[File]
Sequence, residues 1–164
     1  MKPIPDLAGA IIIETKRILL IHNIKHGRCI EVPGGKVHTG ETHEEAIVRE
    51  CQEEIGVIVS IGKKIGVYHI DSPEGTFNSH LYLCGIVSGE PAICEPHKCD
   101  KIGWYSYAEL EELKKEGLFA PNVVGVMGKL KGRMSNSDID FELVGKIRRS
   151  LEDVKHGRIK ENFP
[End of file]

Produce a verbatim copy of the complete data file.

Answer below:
Sequence, residues 1–164
     1  MKPIPDLAGA IIIETKRILL IHNIKHGRCI EVPGGKVHTG ETHEEAIVRE
    51  CQEEIGVIVS IGKKIGVYHI DSPEGTFNSH LYLCGIVSGE PAICEPHKCD
   101  KIGWYSYAEL EELKKEGLFA PNVVGVMGKL KGRMSNSDID FELVGKIRRS
   151  LEDVKHGRIK ENFP